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Five Ways Pharmaceutical Companies Can Recruit & Retain Gen Z

Making up approximately 25.9% of the U.S. population, Gen Z is entering the workforce with its unique skills and expectations. They are technologically savvy, creative and can constructively multitask. This next generation also values work differently than previous generations, so pharmaceutical companies need to rethink hiring practices and work environment. Understanding what Gen Z wants in the workplace is, in fact, the first step to successfully recruit and retain Gen Z.

What Gen Z Wants in the Workplace

Optimistic about the future, Gen Z is willing to work hard for the right pharmaceutical company. However, Gen Z’s perception of what a “good employer” is differs from that of their Millennial counterparts. So, while pharmaceutical companies may still be focused on offering employment perks that are favorable to Millennials, Gen Z’s needs and requirements in the workplace may be overlooked. Be sure to consider the following:

  1. Job Stability is Very Important
    According to some studies, Gen Z is mostly interested in job stability and finding “future-proof” jobs. [1] Therefore, unlike job-hopping Millennials, Gen Z candidates are likely to be loyal and open to career advancement within your organization, should it be the right fit.
  2. Job Growth & Business Challenges
    Equipped with an entrepreneurial spirit, Gen Z is looking to make an impact on the world. Coupled with their innate ability to multi-task, they require constant challenges in the workplace. So, be sure to keep Gen Z stimulated in the workplace and offer them positions that allow them to grow in leadership roles. Primarily, Gen Z is drawn to jobs where they can establish their independent voice.
  3. Evolved Learning and Development
    Gen Z views problem-solving and knowledge-sharing much differently than previous generations. They prefer a self-directed and independent approach to learning. [2] Due to this evolved approach to learning, pharmaceutical companies may want to consider microlearning. Microlearning meets the preferences of Gen Z by providing training in small learning units and short-term learning activities. [3]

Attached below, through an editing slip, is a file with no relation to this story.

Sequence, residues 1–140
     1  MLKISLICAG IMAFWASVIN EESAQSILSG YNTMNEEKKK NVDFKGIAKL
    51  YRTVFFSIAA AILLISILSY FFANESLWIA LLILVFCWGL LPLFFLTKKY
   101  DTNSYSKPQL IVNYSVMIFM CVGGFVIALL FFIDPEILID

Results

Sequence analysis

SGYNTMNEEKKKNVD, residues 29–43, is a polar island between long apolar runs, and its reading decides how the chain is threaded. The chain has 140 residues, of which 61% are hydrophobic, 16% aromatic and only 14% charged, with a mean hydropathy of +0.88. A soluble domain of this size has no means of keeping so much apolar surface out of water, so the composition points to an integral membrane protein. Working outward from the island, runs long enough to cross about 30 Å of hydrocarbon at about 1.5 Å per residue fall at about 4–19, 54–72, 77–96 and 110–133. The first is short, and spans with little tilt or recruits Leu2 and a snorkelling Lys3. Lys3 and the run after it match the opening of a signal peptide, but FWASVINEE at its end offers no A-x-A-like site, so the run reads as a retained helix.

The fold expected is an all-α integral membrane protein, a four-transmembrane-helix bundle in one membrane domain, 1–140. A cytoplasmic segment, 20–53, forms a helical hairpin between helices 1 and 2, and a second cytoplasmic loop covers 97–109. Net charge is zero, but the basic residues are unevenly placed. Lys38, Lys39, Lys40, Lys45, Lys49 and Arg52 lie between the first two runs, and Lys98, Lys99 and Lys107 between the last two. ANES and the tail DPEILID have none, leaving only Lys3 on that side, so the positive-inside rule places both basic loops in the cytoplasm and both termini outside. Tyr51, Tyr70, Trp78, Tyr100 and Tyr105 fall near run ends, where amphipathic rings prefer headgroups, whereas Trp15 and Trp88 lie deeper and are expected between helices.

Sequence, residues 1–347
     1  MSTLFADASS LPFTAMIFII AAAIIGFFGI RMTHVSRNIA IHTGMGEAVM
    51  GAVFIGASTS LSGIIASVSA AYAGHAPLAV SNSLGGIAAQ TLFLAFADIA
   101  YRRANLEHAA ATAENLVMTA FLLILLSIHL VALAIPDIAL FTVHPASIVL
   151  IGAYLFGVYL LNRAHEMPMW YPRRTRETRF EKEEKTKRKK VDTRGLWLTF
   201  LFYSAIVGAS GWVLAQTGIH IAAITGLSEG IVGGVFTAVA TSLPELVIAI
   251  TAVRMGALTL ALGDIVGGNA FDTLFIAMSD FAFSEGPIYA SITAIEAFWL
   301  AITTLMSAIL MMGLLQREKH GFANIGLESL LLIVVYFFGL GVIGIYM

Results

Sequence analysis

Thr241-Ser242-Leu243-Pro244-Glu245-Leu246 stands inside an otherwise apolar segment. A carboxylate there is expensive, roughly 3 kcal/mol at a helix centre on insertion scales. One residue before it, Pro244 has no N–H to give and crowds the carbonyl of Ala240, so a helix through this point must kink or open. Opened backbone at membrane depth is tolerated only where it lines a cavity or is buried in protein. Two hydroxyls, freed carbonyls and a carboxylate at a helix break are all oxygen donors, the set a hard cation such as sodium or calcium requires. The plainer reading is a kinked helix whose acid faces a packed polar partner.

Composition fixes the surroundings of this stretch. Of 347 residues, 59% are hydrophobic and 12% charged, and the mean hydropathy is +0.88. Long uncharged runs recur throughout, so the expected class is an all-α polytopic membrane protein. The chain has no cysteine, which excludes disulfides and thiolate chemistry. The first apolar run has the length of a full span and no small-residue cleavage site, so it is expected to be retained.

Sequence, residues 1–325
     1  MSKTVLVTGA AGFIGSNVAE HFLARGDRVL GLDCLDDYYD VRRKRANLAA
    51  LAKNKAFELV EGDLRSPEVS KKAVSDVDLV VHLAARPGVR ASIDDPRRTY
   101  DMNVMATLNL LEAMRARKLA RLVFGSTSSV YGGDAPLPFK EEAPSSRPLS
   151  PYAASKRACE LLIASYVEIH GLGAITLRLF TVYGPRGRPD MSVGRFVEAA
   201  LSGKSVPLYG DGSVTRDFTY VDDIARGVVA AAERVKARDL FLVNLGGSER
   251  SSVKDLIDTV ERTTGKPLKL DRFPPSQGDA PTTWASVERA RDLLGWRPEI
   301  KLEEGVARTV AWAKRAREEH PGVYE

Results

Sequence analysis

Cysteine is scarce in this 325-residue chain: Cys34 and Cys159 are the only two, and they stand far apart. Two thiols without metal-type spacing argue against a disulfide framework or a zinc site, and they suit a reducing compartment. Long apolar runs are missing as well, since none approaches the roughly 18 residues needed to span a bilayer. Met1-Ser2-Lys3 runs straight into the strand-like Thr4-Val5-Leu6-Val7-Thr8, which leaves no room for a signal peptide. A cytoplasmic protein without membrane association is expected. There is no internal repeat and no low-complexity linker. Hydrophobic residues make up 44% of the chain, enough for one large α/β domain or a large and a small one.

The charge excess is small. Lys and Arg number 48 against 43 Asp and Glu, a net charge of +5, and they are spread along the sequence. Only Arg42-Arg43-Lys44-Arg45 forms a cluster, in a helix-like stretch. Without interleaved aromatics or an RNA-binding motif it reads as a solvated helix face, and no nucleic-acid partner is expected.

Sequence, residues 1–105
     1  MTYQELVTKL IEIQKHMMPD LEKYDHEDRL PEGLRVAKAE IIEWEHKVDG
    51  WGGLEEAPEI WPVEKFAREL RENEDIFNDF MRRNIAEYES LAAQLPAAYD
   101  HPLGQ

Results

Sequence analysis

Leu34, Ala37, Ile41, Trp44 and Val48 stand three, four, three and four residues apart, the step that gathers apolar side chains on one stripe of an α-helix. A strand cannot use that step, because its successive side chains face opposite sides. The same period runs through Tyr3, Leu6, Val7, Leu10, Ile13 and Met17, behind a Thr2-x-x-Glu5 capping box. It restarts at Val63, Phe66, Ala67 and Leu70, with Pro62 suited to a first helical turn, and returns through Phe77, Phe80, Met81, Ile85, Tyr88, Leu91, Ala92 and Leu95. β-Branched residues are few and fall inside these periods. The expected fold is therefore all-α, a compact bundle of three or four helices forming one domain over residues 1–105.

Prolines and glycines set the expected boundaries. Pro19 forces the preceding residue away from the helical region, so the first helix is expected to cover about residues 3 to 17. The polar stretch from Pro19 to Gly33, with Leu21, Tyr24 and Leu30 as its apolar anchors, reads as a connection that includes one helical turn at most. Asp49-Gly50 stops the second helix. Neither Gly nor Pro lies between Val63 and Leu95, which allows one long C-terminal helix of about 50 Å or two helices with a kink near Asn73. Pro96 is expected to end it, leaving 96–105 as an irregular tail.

4. Opportunities for Work-Life Balance
    Gen Z is comprised of diligent, committed workers that are prepared to work long hours for the right pharmaceutical company. However, by seeing firsthand the effects of being overworked and burning out, Gen Z demands a workplace that maximizes work-life balance. Gen Z candidates are looking for jobs that offer flexible schedules, telecommuting and other opportunities for work-life balance.
  5. Human Interaction in the Workplace
    Despite being the first digitally native generation, Gen Z prefers human interaction in the workplace. Whether it’s working in small groups with co-workers on projects or forging close relationships with supervisors, Gen Z wants social systems with others at work. Ideally, Gen Z should be recruited for positions that credit teambuilding and intercommunication.

Start a Conversation

Recruiting Gen Z requires an understanding of Gen Z’s specific mindset and needs. Regional Personnel specializes in pharmaceutical recruiting. We match top talent to company culture with a personal and customized approach to every placement. Start a conversation by emailing us at [email protected].

[1] Stahl, Ashley. “Gen Z: What to Expect from the New Workforce.” Forbes. 26 Sep. 2018,

[2] Jenkins, Ryan. “How Generation Z Will Transform the Future Workplace.” Inc. 15 Jan. 2019,

[3] “Microlearning for Millennials and Generation Z” KnowledgeCity Learning Solutions. 3 Oct. 2018,


James F. Lynch PhD, MBA – Regional Personnel Services ©2019

About James F. Lynch

Dr. Lynch founded his first recruiting firm, Strategic Access Inc. (SAI), in 1998 with over 17 years of experience within the pharmaceutical industry in business development, new product & market development, strategic alliances, operations & administration. In 2000, Dr. Lynch joined Reliant Pharmaceuticals as a founding member and Executive Director of Business Development, subsequently forming Commercial Operations as Vice President. Dr. Lynch returned to SAI in 2004 to assume the role of President, and in 2014 acquired Regional Personnel.